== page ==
Halal’s Mediterranean side
At Stanford, the dining team incorporates halal food into broader educational opportunities and workshops.
Stanford’s ghormeh sabzi
This colorful dish, also from Stanford, is a traditional Persian herb stew over rice.
Stanford’s special Eid al-Fitr dinner featured spiced halal lamb chops with turmeric-chickpea stew.
Bowl-ed over with fast-casual halal food
“Halal can be any genre of food, but American halal food is a new genre which creates a fusion of Middle Eastern and Mediterranean flavors and American styles,” says Jamal Rasoully, founder of Halal Shack, the NYC-inspired street chicken-and-rice-bowl concept created at SUNY Albany in 2017.
Halal Shack’s bedrock items—rice, protein and sauces—allow for a lot of improvisation and fine-tuning based on what customers are craving.
Hooray for hummus
One of Halal Shack’s side items, this roasted red pepper hummus is the perfect snacky sidekick to a bowl.
Garbanzo bean salad
Another side from halal shack, this refreshing salad captures the healthy side of halal.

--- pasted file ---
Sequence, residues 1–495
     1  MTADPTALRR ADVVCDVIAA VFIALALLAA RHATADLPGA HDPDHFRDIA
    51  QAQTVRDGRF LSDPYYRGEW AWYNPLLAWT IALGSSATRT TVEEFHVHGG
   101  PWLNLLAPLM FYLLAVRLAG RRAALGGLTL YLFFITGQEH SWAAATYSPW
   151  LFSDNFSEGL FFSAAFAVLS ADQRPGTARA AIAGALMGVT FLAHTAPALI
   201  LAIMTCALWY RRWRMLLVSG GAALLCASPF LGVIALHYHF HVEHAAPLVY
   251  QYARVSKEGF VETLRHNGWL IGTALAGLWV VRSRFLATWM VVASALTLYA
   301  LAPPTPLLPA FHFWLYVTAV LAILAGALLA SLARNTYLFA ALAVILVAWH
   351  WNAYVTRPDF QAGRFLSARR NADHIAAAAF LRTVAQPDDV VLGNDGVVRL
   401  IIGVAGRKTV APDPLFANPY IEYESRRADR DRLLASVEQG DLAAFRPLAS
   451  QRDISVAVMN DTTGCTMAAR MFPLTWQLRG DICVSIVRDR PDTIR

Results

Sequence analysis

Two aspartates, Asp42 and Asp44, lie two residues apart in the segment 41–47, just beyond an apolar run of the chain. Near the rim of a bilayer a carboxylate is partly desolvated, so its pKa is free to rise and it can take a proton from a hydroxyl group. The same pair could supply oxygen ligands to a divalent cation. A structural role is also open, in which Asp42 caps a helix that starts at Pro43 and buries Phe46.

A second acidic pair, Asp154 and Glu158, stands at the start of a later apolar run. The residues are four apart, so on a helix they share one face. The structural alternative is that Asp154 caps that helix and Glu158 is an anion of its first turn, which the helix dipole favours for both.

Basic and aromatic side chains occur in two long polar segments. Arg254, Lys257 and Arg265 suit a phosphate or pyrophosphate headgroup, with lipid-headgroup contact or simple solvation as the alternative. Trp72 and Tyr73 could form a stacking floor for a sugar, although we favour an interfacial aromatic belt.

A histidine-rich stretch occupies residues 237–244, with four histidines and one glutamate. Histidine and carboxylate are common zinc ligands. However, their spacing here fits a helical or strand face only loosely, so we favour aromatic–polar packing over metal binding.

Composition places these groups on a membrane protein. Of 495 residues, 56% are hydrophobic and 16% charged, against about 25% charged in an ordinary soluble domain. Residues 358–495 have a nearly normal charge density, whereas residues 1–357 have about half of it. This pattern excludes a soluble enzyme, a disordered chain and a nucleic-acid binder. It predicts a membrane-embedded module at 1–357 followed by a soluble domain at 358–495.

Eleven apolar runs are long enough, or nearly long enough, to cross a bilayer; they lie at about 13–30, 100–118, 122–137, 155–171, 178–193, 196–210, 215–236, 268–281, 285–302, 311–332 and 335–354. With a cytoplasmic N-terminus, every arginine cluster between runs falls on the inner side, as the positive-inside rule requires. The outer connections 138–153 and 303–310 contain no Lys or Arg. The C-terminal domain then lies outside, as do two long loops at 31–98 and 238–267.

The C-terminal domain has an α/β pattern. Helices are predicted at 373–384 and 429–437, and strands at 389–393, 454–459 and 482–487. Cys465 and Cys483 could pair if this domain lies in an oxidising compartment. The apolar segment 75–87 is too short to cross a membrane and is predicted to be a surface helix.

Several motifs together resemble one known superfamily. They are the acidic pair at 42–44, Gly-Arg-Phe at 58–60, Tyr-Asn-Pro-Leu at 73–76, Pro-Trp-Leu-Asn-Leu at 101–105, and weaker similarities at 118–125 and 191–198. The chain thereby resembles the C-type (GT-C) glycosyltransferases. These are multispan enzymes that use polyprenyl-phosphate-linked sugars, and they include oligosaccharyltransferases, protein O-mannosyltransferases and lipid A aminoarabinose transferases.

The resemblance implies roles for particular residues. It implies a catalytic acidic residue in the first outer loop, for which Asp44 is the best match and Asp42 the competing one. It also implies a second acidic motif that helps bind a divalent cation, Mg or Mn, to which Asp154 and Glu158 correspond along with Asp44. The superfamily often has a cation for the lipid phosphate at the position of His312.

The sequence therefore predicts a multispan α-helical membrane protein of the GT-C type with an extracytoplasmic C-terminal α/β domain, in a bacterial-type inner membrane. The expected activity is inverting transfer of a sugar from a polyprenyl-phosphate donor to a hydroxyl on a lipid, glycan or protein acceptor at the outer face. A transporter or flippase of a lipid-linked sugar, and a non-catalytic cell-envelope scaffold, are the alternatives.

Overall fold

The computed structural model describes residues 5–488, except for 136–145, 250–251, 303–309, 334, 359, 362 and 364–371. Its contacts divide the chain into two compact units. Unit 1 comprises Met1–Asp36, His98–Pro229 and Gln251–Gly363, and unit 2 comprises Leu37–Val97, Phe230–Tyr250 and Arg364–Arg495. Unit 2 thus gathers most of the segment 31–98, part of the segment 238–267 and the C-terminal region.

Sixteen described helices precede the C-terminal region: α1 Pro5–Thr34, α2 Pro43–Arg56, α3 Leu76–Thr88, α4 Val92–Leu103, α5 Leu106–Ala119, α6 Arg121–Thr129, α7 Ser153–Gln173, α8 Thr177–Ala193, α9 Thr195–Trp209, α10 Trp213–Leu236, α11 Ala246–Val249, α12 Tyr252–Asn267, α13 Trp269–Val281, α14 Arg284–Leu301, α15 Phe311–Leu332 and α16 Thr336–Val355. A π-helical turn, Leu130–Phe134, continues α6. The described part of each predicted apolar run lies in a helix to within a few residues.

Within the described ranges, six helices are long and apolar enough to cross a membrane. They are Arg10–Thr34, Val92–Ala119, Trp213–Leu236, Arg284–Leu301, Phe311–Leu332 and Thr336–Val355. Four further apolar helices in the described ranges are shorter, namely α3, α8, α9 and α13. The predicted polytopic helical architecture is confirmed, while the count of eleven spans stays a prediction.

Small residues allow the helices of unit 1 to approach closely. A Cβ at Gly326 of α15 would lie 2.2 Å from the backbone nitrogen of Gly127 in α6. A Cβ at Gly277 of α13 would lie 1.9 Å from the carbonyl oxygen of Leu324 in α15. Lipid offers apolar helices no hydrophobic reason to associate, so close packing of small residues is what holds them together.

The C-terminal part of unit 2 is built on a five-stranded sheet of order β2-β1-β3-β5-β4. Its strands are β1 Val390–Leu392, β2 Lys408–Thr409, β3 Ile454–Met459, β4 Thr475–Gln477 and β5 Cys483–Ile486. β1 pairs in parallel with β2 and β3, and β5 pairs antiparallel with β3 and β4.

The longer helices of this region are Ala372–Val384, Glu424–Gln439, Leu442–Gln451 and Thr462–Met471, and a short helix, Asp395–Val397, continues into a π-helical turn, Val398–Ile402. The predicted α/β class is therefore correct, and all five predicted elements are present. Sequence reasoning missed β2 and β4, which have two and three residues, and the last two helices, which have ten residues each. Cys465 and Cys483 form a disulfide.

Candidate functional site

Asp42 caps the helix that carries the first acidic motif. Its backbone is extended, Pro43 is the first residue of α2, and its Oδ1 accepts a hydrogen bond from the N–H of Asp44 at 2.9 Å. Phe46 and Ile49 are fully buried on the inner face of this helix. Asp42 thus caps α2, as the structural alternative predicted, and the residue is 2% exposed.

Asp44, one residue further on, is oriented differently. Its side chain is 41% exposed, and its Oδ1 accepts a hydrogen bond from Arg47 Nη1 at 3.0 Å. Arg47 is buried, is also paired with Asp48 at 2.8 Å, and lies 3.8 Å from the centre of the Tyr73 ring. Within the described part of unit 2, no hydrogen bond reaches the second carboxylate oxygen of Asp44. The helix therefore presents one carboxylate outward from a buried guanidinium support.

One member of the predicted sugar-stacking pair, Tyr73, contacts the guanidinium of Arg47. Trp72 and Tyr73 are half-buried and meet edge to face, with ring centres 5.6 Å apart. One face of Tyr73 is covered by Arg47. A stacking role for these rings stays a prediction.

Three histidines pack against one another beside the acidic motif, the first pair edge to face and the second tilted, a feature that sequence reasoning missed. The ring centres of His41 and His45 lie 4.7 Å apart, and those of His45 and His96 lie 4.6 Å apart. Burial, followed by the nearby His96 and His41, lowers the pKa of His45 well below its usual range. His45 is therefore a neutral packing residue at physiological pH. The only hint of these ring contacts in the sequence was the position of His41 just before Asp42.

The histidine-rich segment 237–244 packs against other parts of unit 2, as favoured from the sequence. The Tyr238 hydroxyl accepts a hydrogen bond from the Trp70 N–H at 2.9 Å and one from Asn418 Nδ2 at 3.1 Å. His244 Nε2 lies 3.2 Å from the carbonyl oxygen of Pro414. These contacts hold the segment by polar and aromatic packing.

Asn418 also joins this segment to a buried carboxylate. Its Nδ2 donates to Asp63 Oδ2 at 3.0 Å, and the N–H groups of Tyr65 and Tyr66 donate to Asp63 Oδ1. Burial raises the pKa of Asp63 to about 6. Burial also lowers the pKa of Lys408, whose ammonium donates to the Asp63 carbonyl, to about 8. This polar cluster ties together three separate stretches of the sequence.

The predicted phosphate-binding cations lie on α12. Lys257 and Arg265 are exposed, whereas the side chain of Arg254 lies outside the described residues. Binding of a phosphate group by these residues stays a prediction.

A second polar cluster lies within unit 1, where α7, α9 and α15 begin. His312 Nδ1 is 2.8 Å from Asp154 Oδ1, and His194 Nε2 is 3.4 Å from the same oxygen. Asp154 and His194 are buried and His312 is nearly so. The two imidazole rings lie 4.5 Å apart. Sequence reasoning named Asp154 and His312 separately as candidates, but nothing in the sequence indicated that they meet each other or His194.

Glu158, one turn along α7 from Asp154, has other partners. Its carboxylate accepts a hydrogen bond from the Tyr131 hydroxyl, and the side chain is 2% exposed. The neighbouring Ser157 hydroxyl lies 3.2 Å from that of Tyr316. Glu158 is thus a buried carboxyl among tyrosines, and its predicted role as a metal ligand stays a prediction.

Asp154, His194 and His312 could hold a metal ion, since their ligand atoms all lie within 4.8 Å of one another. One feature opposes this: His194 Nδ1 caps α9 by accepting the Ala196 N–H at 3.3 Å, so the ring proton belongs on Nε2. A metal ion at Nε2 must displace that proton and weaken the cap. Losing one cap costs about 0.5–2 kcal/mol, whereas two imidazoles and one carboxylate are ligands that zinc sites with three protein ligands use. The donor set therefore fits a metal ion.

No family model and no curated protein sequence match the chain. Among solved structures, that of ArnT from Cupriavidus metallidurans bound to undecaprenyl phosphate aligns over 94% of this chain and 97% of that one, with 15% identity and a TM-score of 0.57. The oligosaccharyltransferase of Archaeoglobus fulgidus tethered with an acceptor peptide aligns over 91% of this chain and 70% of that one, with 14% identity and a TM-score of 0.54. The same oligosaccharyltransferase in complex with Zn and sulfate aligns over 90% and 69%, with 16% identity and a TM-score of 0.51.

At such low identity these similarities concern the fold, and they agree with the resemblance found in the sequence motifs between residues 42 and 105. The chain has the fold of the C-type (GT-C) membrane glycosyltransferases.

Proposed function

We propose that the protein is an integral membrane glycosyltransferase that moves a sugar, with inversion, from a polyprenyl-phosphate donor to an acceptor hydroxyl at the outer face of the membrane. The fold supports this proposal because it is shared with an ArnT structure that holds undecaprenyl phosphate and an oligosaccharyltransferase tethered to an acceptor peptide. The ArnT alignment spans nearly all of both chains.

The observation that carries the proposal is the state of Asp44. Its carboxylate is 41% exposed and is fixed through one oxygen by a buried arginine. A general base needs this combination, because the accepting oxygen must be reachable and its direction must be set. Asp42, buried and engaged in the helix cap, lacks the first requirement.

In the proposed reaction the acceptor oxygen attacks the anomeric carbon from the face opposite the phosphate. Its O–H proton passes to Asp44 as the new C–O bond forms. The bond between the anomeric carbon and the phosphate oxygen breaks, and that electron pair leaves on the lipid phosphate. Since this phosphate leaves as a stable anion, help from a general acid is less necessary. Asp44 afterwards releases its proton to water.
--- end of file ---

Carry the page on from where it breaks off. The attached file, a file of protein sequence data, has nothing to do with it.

Jamal’s Chicken pours on the flavor
Halal Shack’s sister concept, Jamal’s Chicken, features halal versions of sizzlin’ fast-casual trends, like hot chicken sandwiches.
Wings are the thing
A perennial favorite with college students, wings are also part of Jamal’s Chicken lineup.
Like other fast-casual fried-chicken concepts, Jamal’s Chicken uses chicken tenders in many ways, like in a chopped Buffalo chicken salad or in wraps, as seen here.
Jamal’s Chicken has some seriously craveable sides on the menu, like this dreamy, creamy mac ‘n cheese.
Halal chicken at Harvard
Harvard University Dining Services makes halal more inclusive by not only providing dedicated halal stations, but also by making halal proteins and meals available at all 13 dining halls every day.